Um... Reading the first post in the thread, he describes the pedal as disengaging right at the top of it's travel, usually a sign of a clutch thats just about worn out.
DOH! You are of course correct. I mis brained his post from "off the pedal" to "off the floor". Just as an added bit of information, a recently done clutch (by me) on a Gen1 SL1 (same clutch same parts) which included replacing the clutch disk, throw out bearing, pressure plate AND hydraulic system engaged at first within an INCH of the FLOOR. A week later it had "settled in" to a more "normal" 1 3/4" +/-.

...
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Old 07-30-2003, 01:28 AM   #9
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I'm a little confused. And by the way, I'm a she. Real name is Shelley.

My clutch engages about 1/2inch from the point where my foot is COMPLTELY off the pedal and the pedal is not pressed in whatsoever. Is that "engaging 1/2inch from the floor" or 'from the top"?
And what exactly could be wrong with it now, if it is engaging so far from the norm?

As far as "free travel" in the clutch...there is NONE. I press it to the floor with not even a hint of difficulty between where it engages, or even halfway in, or anything. It's a simple press to the ground, about as loose as the gas pedal is.
I do know that I have a type-1 (or something) clutch, a very easy to press clutch, and I know that I might like to have a type 2 (or whatever) in there.
Also, this car JUST passed 40,000 mi (Tonight, at a gas station!). Driven by a late-twenties woman with a child and another on the way. She mostly drove it for grocery getting or work before they got the bigger Toyota family car. For the past few months (since december) they have only driven it once or twice a week to get groceries, so that it wouldn't clog or anything from no use.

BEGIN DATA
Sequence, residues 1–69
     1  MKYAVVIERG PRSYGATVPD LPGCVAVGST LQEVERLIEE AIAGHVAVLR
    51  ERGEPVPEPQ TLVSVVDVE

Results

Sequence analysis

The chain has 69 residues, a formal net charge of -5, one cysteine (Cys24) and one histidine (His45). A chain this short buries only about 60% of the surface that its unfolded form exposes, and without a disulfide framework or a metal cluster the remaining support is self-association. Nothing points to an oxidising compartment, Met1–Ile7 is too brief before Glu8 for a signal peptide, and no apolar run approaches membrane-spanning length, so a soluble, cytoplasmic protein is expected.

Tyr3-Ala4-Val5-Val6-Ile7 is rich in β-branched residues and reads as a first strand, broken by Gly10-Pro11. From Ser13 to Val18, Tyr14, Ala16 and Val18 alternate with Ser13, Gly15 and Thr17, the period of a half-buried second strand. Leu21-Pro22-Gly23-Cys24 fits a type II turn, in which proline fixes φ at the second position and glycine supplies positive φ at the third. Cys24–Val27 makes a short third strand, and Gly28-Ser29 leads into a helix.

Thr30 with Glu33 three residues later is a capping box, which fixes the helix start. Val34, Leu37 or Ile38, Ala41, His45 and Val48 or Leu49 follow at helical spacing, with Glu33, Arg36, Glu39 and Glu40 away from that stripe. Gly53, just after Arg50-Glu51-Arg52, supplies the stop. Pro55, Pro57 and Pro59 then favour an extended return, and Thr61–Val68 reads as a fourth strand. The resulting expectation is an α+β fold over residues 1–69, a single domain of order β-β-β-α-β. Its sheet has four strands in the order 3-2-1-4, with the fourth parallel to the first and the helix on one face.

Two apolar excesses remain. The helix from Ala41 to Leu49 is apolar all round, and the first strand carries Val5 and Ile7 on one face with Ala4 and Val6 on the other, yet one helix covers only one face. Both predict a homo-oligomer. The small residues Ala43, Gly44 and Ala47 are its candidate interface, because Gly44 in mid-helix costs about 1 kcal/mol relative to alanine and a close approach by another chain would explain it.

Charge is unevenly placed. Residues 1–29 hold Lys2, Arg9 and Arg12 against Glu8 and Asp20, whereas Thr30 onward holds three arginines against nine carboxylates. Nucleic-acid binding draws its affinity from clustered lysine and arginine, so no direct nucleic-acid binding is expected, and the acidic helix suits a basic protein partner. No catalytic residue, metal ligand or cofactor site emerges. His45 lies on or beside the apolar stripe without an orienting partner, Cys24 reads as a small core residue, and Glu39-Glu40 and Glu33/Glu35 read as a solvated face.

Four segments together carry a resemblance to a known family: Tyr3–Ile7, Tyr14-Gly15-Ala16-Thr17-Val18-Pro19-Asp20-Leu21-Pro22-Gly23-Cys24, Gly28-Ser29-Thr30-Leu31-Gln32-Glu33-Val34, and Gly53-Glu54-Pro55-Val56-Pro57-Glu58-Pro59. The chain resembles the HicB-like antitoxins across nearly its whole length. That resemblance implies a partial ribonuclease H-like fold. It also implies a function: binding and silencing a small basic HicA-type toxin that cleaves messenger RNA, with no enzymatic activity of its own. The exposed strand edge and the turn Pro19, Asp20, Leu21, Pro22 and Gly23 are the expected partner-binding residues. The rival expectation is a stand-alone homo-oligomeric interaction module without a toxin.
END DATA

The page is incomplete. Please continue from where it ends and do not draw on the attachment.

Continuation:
She doesn't seem like the type to have beaten out the clutch within that much mileage, then again it engages so far out, it may have been hard to work with a lot of the time. So that's the back history, perhaps that will help with some questions and possiblities of what exactly is happening with the clutch.

...
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Old 07-30-2003, 07:35 AM   #10
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I guess the easiest way for you to descibe it would be the "engagement point" When the pedal is fully depressed to the FLOOR, the clutch is DIS-engaged. As you release pressure on the pedal allowing it to raise upward, the clutch will gradually ENGAGE or start to grab. The total movement between disengaged and engaged (pedal pressed down to pedal completely released) is called the pedal TRAVEL. With that explaination in mind, at what point in the pedal travel does the clutch actually start to "grab" (try to start moving the car)?

...
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Old 07-30-2003, 09:16 AM   #11
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Quote:
My clutch engages about 1/2inch from the point where my foot is COMPLTELY off the pedal and the pedal is not pressed in whatsoever.
I see you are getting some good advise here, but from my perspective, engaging 1/2" from the top is not the sign of a healthy clutch. Did you say whether or not you (or anybody else) checked the clutch system's hydrualic fluid? If not, I think that would be a good place to start.

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Old 07-30-2003, 12:11 PM   #12
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Hello!

It is I, the person who first test drove this car for Shelley. STUPID me for FORGETTING TO CHECK the hydraulic fluid! (Shelley, if you want me to show you how to check it just drive your car over here)

Anyway, the clutch engages 1/2 inch before one's foot is completely removed from the pedal. So if I take my foot and press the clutch in 1/2 inch, I am at the engagement point, VERY far away from the floorboards.

I told Shelley and the sellers of the car that the clutch was either near the end of it's life, or it was just very strange. Of course, being a small girl diving in and out of compartments and such to check the car, it was slightly hard to get respect out of the gentleman selling it, so he just told me, "we have no reason to believe the clutch is anywhere near bad"